# Re: Tesla Coil Operation - was "Harmonics"

```Good analogy. It seems there are always analogies for systems and it helps
to understand how they work. So is the angle of the coupling bar related to
the coupling coefficient or should it be softer such as a spring?
Dave
-----Original Message-----
From: Tesla List <tesla-at-pupman-dot-com>
To: tesla-at-pupman-dot-com <tesla-at-pupman-dot-com>
Date: Sunday, January 17, 1999 3:45 PM
Subject: Re: Tesla Coil Operation - was "Harmonics"

>Original Poster: "Antonio Carlos M. de Queiroz" <acmq-at-compuland-dot-com.br>
>
>John H. Couture wrote:
>
>>   The Tesla coil operation has no mechanical or other electrical analogy.
>
>It has. Two pendulums (penduli?) with identical lengths (same resonant
>frequency) and different weights (different impedance levels) are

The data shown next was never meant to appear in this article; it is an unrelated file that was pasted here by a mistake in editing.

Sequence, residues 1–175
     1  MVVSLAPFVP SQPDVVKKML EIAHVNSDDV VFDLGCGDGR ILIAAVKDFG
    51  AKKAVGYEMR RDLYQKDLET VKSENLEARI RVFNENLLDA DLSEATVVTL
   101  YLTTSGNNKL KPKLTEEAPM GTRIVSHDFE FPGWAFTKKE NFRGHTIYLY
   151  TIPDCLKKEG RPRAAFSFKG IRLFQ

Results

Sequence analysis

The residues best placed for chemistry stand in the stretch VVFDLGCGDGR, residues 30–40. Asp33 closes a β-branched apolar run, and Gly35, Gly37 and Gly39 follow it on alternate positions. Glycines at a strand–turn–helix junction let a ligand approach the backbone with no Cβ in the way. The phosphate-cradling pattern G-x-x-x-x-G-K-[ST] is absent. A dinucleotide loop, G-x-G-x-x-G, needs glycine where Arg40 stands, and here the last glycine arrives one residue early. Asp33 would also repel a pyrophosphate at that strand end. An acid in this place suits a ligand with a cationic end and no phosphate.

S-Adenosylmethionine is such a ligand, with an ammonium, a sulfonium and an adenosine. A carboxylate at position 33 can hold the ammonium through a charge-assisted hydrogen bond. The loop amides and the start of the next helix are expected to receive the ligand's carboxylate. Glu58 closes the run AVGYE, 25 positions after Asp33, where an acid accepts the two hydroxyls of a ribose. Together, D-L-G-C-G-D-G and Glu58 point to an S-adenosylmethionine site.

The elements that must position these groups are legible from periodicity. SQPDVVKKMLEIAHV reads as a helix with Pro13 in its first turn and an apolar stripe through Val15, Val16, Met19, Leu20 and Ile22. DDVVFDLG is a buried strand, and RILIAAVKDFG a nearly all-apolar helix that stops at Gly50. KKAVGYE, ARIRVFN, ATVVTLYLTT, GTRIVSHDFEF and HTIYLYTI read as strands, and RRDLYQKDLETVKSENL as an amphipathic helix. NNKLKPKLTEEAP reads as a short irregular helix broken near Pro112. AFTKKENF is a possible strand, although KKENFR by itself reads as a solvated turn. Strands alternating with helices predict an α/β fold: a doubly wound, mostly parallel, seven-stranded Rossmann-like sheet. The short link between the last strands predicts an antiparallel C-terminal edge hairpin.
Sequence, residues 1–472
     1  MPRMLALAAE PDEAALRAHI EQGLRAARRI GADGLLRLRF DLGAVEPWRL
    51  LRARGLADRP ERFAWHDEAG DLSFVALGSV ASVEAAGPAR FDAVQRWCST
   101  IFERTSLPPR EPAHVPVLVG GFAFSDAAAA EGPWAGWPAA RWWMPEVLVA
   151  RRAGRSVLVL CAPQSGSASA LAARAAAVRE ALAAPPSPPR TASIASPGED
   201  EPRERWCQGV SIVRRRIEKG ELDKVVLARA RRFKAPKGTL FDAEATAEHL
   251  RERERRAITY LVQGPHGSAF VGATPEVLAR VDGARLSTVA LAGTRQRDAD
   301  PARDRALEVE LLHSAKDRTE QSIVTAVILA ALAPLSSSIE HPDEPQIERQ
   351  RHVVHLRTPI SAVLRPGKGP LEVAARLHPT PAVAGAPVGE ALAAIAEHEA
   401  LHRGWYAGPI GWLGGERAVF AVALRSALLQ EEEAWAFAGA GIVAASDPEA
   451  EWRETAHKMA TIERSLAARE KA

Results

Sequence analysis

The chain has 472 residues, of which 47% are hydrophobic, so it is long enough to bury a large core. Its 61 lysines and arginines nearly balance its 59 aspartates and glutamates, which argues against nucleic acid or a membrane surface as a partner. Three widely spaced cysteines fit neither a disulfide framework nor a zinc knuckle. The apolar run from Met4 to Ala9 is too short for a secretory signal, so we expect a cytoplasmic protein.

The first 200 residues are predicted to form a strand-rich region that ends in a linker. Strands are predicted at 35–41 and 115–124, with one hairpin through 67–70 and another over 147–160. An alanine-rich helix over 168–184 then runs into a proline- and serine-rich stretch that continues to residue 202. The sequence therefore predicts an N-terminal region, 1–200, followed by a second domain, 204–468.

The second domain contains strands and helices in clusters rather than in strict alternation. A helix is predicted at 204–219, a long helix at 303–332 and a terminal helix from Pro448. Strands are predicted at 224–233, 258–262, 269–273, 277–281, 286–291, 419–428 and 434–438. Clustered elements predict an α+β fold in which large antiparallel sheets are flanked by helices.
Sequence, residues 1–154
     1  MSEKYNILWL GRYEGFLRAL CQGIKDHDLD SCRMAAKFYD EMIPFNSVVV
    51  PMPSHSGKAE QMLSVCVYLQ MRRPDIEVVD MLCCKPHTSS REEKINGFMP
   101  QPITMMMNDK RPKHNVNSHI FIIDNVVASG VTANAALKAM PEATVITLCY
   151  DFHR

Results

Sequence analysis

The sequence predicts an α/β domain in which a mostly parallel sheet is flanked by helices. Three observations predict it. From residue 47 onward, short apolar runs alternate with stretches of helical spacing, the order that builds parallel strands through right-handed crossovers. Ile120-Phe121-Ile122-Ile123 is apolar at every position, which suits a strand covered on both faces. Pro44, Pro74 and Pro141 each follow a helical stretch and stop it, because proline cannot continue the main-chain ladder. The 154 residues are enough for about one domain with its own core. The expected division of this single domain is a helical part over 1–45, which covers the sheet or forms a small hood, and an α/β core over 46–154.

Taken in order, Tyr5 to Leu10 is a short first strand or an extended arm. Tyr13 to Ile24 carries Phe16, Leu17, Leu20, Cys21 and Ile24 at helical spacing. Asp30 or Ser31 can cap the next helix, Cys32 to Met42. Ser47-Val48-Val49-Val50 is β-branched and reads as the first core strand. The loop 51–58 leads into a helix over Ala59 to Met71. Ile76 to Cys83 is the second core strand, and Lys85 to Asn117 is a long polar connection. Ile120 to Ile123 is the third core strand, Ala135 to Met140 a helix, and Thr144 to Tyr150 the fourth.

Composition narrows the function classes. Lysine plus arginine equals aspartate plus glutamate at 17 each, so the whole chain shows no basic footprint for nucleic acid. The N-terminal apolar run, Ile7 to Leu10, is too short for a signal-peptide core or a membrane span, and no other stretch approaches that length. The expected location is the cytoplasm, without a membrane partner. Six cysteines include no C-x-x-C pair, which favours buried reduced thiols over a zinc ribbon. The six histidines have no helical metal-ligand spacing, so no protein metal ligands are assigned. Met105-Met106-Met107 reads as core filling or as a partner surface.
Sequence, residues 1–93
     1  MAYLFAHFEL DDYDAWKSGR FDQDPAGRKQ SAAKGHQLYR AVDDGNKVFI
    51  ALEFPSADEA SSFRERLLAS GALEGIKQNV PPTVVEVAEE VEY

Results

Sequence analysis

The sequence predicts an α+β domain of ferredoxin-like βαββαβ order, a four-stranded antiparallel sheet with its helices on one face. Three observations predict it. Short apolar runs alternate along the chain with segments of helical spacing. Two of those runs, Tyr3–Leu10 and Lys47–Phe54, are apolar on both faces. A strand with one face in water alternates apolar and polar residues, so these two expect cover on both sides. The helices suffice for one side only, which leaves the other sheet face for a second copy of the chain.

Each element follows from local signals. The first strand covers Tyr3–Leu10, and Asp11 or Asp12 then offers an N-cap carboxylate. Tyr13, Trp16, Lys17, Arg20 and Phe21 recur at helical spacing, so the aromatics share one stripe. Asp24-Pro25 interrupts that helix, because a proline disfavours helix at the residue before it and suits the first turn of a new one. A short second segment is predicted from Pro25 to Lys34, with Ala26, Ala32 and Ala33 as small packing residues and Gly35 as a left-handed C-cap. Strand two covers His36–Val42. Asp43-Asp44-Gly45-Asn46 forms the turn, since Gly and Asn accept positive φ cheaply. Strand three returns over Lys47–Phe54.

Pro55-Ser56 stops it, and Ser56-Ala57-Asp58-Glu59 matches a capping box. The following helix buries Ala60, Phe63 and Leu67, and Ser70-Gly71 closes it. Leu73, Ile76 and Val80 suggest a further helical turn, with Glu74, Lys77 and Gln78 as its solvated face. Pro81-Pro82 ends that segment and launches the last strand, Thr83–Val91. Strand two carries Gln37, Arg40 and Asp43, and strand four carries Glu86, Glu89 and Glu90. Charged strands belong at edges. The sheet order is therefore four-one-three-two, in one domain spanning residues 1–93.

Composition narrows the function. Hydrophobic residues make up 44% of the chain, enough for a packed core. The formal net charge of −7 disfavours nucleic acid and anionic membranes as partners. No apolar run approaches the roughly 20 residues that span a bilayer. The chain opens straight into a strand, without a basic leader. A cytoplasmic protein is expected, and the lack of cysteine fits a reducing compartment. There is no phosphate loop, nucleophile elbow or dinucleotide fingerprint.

>coupled in a way that produces a high swing in the lighter pendulum
>when the swing in the heavier pendulum is small (a transformer
>with high turns ratio). This may be a light inclinated bar connected
>to their strings (use a fixed width font to see the ASCII drawing):
>
>       ==+===+==
>         |   |
>         |\  |
>         | \ |
>         |  \|
>         |   |
>         o   O
>
>If you set the heavier pendulum in motion ("O", the "primary"), it
>will make the lighter pendulum ("o", the "secondary") swing with
>increasing amplitude, as its swing amplitude decays. Eventually
>only the lighter pendulum is oscillating, and the process reverts.
>The result is the same beating oscillations observed in Tesla coils.
>I tried this experiment, and it works perfectly.
>No sparks, of course ;)
>
>Antonio Carlos M. de Queiroz
>
>
>

```